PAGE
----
Introspection and the development of a value judgment
Posted November 20, 2008on:
I was amazed to see a recent article by Chris Trotter where he has an “epiphany“. Chris Trotter has always had a strong set of value judgments about what was right policy and the way the world worked – but suddenly he has shown a willingness to evaluate those value-judgments. And for that I have to congratulate him.
Fundamentally he now feels that, possibly, there should be a higher weight on “equality of opportunity” as compared to “equality of outcomes” than he previously felt – now that is his view and I’m not going to tell him which way he should think (although personally I do agree with his movement). What excited me though was that someone who had seemed so stuck in their own value judgments he was able to have a look around and realise that reality might be different – I think that is a point we can all learn.
Another point I would like to make is to all the “right wing” and “National” supporters who commented saying that now he is like them – they are fundamentally wrong. Chris Trotter still appears to believe in a large set of government interventions – however, he is now painting those interventions as a way to increase “equality of opportunity”. As the balance between “left” and “right” is fundamentally on the size of the role of government in the economy he is still well to the left when he is discussing equality of opportunity. He states that specifically when he says:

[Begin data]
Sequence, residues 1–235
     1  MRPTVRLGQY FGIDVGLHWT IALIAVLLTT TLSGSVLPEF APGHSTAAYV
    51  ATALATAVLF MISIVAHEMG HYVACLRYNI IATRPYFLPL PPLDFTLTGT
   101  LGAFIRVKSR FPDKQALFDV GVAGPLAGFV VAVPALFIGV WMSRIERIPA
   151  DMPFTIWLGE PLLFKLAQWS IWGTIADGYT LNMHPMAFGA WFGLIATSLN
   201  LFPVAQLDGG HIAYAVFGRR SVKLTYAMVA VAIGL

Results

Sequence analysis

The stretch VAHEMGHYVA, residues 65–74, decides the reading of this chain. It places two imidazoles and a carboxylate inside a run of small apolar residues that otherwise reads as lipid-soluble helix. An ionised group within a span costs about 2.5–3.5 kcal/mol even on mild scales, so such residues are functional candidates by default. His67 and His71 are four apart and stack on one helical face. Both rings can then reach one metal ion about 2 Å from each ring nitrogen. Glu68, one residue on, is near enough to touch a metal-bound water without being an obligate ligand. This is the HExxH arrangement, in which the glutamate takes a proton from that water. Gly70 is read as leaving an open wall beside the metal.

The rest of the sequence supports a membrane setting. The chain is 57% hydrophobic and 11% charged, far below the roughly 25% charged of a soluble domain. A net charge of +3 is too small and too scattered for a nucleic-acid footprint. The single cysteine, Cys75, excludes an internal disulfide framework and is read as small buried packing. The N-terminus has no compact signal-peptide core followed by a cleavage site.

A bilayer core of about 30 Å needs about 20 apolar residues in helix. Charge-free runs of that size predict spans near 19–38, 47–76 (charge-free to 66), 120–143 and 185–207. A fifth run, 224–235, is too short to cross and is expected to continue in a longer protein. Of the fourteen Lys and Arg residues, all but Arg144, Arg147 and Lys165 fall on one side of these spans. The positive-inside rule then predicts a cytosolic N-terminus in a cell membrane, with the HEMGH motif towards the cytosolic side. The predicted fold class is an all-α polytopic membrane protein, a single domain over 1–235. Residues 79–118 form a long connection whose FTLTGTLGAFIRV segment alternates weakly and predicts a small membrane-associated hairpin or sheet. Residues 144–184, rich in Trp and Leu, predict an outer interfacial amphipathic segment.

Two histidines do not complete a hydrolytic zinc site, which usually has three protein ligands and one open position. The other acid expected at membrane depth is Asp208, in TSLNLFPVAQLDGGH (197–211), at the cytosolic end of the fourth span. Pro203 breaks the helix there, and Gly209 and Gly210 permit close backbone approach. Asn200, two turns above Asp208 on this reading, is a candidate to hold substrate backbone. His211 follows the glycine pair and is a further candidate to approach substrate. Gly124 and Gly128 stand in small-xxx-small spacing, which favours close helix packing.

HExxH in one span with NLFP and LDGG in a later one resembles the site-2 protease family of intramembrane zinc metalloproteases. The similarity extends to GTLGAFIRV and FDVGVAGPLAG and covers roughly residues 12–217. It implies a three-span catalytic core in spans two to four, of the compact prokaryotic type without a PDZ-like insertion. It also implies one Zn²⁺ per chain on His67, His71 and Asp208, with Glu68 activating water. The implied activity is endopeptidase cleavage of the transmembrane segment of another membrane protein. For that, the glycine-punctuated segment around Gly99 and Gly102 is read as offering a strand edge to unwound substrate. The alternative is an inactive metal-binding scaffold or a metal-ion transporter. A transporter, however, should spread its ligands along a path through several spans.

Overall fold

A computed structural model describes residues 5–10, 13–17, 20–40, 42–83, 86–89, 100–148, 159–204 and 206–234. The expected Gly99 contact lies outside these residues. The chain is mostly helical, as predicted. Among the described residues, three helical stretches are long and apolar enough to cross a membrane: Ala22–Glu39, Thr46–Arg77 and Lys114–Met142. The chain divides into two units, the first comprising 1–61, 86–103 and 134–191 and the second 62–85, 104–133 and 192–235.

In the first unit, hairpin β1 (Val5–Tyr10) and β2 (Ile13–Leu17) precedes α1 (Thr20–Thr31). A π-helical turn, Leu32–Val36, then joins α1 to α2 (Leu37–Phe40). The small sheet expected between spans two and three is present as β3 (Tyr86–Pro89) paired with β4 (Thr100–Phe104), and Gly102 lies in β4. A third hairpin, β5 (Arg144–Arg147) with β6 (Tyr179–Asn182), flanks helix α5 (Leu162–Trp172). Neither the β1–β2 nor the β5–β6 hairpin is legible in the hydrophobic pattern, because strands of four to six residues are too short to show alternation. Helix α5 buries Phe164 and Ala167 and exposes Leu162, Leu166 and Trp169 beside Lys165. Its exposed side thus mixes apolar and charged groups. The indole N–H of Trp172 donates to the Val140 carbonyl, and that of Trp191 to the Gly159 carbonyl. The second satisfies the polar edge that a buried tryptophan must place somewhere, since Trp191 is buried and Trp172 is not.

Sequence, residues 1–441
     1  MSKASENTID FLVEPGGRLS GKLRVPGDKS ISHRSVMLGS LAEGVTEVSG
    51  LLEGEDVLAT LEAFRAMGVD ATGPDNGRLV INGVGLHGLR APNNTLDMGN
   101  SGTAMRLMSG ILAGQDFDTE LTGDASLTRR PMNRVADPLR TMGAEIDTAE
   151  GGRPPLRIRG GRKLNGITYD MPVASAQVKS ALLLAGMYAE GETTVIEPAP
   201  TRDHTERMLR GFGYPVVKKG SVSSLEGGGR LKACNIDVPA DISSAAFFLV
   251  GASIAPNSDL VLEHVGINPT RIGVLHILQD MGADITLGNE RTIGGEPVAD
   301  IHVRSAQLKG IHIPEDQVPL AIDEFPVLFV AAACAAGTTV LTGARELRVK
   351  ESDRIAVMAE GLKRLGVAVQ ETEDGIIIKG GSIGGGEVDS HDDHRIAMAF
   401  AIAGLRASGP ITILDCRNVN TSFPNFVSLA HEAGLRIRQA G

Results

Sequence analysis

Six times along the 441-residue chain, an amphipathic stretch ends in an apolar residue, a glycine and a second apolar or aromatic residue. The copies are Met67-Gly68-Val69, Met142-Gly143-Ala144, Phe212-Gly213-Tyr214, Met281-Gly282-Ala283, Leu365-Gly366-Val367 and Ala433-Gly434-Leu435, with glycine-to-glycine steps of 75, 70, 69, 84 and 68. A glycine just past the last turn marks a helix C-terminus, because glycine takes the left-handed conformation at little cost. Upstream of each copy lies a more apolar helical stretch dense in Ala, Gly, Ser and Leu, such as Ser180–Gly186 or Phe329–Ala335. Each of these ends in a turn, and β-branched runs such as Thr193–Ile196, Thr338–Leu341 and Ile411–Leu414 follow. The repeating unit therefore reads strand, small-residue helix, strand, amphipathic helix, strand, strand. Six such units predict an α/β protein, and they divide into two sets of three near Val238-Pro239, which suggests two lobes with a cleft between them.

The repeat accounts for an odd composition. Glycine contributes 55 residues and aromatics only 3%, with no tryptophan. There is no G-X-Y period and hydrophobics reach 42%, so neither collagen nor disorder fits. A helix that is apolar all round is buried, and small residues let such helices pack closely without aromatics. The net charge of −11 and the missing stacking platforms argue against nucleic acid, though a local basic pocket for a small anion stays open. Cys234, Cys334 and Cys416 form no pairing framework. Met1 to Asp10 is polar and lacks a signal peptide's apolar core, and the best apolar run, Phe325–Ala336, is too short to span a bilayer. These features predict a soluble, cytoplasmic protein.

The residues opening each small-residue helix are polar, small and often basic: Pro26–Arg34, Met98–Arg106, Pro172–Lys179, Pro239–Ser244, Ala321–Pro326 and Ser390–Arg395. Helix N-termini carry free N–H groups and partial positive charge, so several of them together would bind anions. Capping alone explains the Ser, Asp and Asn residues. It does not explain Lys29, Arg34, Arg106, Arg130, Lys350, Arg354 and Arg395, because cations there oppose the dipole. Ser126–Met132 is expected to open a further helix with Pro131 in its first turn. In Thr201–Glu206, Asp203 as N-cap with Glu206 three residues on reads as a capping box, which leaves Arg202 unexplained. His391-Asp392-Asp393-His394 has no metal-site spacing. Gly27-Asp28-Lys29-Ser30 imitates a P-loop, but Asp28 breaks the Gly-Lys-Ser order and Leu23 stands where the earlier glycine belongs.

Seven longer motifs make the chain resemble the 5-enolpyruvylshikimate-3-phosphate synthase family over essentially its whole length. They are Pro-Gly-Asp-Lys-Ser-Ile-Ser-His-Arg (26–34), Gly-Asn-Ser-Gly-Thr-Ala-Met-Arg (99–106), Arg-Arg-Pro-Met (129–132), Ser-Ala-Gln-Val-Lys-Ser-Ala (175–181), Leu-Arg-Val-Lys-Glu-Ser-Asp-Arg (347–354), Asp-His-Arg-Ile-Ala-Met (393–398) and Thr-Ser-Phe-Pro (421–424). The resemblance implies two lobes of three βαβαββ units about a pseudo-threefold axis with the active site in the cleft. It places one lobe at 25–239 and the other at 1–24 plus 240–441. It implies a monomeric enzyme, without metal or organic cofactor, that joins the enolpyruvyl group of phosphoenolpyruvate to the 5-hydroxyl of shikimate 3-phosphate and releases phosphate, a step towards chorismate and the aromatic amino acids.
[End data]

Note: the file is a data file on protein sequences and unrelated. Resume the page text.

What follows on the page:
Labour has to understand that its state houses, and the welfare state that built them, was just the first, not the last, stage and crowning achievement of the socialist journey
People on the left don’t have a different goal for society (the maximisation of welfare) they just have a different belief surrounding some of the trade-offs. There are areas where government can increase individual freedoms and improve “equality of opportunity” you know.
Ultimately, it is good to see actual introspection from political analysts, rather than arrogance about a point of view not being accepted (which Mr Trotter was heading towards at one point, and still has to be careful of when assuming that voters are “irrational”). Overall, I hope the epiphany does not end up the same way at Sweeney Todd’s 😉